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Old 02-25-2007, 10:11 PM   #1
Registered: Aug 2006
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PIC programminging in linux

What is a good pic programmer in Linux?
Old 02-26-2007, 04:40 AM   #2
Registered: Feb 2007
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Originally Posted by bob3dan
What is a good pic programmer in Linux?
Old 02-27-2007, 10:48 PM   #3
Registered: Jul 2004
Distribution: Fedora
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I work with AVRs now, however, here are some of my PIC resources:

Linux Compatible PIC Programmers

Intro to Programming PIC Microcontrollers in Linux

Programming PIC's in Linux using C with SDCC

And of course, there's the gnupic mailing list and website:

Good luck.
Old 02-27-2007, 11:02 PM   #4
Registered: Nov 2004
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Perhaps you could explain how an AVR differs from a PIC? I've done some reading on the matter, but just can't put my finger on it.
Old 02-27-2007, 11:18 PM   #5
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They're both 8-bit microncontrollers. They both have comparable feature sets in terms of peripherals and configurations-- timers, ADCs, serial interfaces, PWM outputs, etc. The PICs have been around longer and have a larger selection of chips. The difference, as it applies to why I chose AVRs after working with PICs for a couple years, is the architecture and instruction sets.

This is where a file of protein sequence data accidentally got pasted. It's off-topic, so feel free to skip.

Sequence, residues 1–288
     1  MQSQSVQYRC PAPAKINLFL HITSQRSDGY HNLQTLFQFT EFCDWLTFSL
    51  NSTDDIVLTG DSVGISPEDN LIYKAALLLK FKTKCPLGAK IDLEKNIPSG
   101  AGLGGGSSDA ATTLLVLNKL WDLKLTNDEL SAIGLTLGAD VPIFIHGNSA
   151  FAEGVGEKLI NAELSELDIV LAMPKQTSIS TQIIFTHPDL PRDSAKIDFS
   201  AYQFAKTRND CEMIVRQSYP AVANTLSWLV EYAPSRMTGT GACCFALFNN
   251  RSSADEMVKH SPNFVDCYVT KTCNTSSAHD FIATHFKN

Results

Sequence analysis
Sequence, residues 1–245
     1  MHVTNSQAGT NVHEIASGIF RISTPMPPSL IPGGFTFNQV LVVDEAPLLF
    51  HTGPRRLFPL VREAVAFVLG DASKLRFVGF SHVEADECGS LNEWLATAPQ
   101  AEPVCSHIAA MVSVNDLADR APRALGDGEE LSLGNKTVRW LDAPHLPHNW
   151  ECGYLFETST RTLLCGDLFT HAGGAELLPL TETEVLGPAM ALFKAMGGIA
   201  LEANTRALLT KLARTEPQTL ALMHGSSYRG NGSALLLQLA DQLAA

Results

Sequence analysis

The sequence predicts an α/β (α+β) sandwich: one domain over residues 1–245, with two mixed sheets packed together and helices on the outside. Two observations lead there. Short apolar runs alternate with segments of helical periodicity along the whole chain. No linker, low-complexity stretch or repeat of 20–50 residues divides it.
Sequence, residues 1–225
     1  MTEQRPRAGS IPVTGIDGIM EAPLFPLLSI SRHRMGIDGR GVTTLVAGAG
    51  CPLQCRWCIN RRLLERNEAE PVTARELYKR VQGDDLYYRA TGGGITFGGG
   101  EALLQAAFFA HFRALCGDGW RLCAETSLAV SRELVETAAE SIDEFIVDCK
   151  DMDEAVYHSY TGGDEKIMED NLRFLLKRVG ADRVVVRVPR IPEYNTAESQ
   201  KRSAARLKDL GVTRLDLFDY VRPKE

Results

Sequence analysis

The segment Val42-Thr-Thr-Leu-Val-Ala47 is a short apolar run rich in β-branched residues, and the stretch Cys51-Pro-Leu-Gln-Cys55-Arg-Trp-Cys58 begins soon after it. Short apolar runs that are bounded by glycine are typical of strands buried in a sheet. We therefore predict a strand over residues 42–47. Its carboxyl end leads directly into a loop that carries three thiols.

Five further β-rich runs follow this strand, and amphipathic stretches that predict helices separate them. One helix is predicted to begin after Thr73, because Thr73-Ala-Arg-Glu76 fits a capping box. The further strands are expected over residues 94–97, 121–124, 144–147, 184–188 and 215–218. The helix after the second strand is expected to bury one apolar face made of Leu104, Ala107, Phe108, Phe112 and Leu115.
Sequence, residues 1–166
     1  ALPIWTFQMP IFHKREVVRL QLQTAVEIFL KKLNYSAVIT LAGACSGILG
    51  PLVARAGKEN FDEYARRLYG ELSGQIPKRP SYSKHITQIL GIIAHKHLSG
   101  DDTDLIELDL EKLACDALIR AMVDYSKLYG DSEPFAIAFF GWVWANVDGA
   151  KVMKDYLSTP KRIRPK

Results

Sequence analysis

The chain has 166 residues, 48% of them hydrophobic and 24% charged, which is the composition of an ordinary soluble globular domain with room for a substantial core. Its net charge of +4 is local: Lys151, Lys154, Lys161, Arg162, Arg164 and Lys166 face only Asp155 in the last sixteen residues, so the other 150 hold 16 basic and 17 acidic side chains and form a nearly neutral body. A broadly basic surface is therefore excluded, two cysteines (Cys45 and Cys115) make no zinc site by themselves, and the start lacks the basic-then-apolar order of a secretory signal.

The PICs are "simple" in that there are only 30-some ASM instructions to learn, which has often been a selling point. However, AVRs were specifically designed for higher level languages (such as C) and thus a branch of GNU Utilities was built for them. This is great for us Linux nerds. You can program your microcontrollers using your favorite Linux IDE (I use Gedit) and compile/program the chip with a simple makefile based on GCC and the other GNU tools. You can even do some debugging with gdb.

I am very, very glad I switched. Although I had to get setup with a new programmer and learn new register names and the like-- it was worth it. And they're similar enough that it's not a huge effort to learn the other.

I use microcontrollers for robotics projects, and in one particular robot was able to switch from a PIC16F877 to an AVR ATMega8 without having to change much of the circuit. And it was much easier coding in C and using gcc-- a compiler for which I have grown accustomed to it's error messages and general usage.


avr, linux, picmicro

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